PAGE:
Privacy First requested the District Court of The Hague to set aside (i) the obligation to register UBO-information and (ii) the (partly) public accessibility of the UBO-register. In addition, Privacy First requested the court to, if necessary, ask preliminary questions to the European Court of Justice (ECJ) on both aspects. 

What is the verdict of District Court of The Hague?

The court rejected the claims of Privacy First. The court ruled that there is no room for it to set aside the obligation to register UBO-information and the (partly) public accessibility of the UBO-register. The court reached this verdict due to the fact that the Directive on which the implementation of the UBO-register is based is still in force and the ECJ has yet to rule on the (un)lawfulness of the Directive. As long as such judgment has not been rendered, the court cannot put the Dutch State in a position wherein it is clearly acting in conflict with the Directive.

In case of doubt about the legitimacy of the UBO-register, the court could ask preliminary questions to the ECJ. In this context, the court indicated that it has its doubts about the legitimacy of the (partly) public accessibility of the UBO-register, considering that this may go beyond what is necessary to realize the objectives of the Directive.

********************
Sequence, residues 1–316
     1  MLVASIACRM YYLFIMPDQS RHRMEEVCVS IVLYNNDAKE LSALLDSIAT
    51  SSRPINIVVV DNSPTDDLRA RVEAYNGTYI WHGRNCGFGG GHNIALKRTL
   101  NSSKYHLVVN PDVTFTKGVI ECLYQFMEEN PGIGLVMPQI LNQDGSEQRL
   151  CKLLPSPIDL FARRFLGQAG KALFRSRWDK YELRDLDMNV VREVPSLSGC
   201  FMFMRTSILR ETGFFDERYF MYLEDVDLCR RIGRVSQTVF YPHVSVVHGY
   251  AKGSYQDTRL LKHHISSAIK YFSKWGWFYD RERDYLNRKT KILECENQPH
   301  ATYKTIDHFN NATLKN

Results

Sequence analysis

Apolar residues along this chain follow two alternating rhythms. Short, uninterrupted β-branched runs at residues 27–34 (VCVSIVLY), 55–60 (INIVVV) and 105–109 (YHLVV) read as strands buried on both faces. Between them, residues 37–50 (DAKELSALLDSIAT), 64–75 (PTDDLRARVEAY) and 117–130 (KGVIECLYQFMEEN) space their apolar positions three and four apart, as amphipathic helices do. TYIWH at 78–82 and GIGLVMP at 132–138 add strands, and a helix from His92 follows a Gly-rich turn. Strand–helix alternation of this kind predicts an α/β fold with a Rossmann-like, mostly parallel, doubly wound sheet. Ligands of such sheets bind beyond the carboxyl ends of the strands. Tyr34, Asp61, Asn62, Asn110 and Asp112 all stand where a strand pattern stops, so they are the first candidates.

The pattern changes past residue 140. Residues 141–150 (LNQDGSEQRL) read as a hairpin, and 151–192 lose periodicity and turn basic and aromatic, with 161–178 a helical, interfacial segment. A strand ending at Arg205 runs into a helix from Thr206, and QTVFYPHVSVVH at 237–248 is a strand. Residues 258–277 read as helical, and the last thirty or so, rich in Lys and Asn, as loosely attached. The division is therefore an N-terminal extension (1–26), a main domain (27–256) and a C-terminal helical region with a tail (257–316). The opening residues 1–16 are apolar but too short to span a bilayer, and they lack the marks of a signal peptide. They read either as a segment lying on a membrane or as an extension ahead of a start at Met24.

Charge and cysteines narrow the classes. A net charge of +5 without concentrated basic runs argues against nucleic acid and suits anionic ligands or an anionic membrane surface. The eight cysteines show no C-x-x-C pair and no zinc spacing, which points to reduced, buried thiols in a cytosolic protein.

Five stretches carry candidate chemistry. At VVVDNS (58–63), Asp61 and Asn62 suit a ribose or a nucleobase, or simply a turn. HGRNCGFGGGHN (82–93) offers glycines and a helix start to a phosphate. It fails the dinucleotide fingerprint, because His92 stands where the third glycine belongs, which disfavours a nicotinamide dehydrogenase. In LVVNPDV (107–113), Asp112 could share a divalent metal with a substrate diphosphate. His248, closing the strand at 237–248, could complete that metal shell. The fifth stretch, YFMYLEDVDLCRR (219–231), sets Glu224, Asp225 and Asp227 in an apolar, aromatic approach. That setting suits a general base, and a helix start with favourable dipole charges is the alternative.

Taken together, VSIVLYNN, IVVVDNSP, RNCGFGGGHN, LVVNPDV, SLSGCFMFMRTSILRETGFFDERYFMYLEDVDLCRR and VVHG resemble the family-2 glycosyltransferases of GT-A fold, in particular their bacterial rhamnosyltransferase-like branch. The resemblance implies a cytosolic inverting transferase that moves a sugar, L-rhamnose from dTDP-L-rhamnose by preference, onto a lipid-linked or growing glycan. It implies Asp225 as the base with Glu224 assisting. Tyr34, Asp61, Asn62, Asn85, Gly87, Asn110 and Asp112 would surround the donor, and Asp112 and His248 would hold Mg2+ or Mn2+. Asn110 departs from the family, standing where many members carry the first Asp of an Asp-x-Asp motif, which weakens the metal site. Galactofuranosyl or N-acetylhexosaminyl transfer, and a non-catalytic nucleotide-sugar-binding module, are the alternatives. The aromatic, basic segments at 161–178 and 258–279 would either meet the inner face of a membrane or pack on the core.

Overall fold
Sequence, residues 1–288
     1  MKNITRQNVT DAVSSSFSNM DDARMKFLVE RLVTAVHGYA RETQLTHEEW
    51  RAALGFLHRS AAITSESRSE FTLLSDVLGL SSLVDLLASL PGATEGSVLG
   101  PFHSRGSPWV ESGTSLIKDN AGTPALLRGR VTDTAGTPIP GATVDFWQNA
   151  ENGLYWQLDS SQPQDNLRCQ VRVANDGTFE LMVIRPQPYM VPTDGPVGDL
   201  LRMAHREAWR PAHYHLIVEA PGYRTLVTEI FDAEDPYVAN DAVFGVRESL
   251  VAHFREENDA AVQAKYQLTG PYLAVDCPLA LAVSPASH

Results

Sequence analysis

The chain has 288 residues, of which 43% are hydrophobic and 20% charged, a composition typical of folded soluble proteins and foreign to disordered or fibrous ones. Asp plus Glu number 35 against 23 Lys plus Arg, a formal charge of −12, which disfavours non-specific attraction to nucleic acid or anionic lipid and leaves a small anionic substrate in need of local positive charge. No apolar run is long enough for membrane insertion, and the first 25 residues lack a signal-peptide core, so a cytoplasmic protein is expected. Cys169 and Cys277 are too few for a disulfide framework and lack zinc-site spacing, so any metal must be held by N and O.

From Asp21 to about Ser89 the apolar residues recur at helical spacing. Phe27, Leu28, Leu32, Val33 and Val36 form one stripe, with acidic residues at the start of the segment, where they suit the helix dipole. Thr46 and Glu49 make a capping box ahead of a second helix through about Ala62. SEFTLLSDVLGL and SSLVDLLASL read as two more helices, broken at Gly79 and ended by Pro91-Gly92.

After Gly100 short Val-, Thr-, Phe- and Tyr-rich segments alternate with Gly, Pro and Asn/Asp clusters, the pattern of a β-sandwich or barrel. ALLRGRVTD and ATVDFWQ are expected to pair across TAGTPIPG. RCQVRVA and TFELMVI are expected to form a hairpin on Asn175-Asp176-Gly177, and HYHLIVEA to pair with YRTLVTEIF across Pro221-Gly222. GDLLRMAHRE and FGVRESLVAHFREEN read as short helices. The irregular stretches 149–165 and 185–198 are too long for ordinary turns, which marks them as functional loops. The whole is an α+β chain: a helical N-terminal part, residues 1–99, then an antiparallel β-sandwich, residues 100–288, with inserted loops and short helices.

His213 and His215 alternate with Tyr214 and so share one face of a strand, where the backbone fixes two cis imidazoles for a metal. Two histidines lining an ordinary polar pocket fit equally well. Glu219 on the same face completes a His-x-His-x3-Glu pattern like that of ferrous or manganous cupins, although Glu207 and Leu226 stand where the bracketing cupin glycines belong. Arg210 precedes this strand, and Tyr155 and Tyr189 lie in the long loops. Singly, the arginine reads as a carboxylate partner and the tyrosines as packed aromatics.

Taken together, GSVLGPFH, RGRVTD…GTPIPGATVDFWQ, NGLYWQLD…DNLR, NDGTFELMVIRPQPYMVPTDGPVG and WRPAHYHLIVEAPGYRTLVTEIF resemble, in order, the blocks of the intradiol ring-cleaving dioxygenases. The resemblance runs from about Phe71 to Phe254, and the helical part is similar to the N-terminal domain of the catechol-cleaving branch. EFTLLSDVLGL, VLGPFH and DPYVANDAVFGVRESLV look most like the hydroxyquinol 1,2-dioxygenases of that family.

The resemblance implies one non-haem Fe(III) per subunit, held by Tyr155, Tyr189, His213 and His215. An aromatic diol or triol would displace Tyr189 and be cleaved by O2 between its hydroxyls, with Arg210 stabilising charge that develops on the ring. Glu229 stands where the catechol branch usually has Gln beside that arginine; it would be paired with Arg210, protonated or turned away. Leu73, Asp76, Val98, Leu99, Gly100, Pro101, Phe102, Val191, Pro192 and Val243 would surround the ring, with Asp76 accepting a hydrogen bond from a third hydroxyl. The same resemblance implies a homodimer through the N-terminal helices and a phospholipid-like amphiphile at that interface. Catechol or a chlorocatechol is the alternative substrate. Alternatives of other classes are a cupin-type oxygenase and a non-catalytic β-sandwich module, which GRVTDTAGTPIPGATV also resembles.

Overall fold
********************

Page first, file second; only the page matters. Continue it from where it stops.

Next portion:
Nevertheless, the court decided not to ask preliminary questions to the ECJ given the fact that a court in Luxembourg has already askes preliminary questions about the same matter. The court does not consider it useful to ask similar preliminary questions because, according to the court, the same kind of questions will not lead to a different outcome.

With respect to the obligation to register UBO-information as such, the court will not ask preliminary questions to the ECJ because, according to the court, Privacy First has insufficiently substantiated its claim that the establishment of a UBO-register as such violates the fundamental rights of UBOs. Privacy First’s argument that there is a considerable chance that the non-public UBO-information will be disclosed through, for example, data breaches, is insufficiently substantiated according to the court.

Privacy First has announced that it will analyze the court’s verdict and may take the case to a higher court. 

Developments in Luxembourg and Belgium

In Luxembourg cases are pending for which preliminary questions have been asked to the ECJ regarding (i) the compatibility of the UBO-register with the right to protection of personal data and (ii) a clarification of the conditions under which Member States may provide for the shielding of UBO-information. It is unknown when the ECJ will reach its verdict.

To the best of our knowledge, no lawsuit is pending (yet) in Belgium regarding the UBO-register. Worth mentioning is that at the beginning of this year, the Belgian UBO-register was taken offline for some time after the discovery of a data breach.

Contact

Do you have any questions about the UBO-register? Maybe an informal introductory meeting would be of interest? Please contact your Loyens & Loeff adviser or get in touch with one of our dedicated advisers in the Family Owned Business & Private Wealth department.

Disclaimer

Although this publication has been complied with great care, Loyens & Loeff N.V. and all other entities, partnerships, persons and practices trading under the name ‘Loyens & Loeff’, cannot accept any liability for the consequences of making use of this issue without their cooperation. The information provided is intended as general information and cannot be regarded as advice.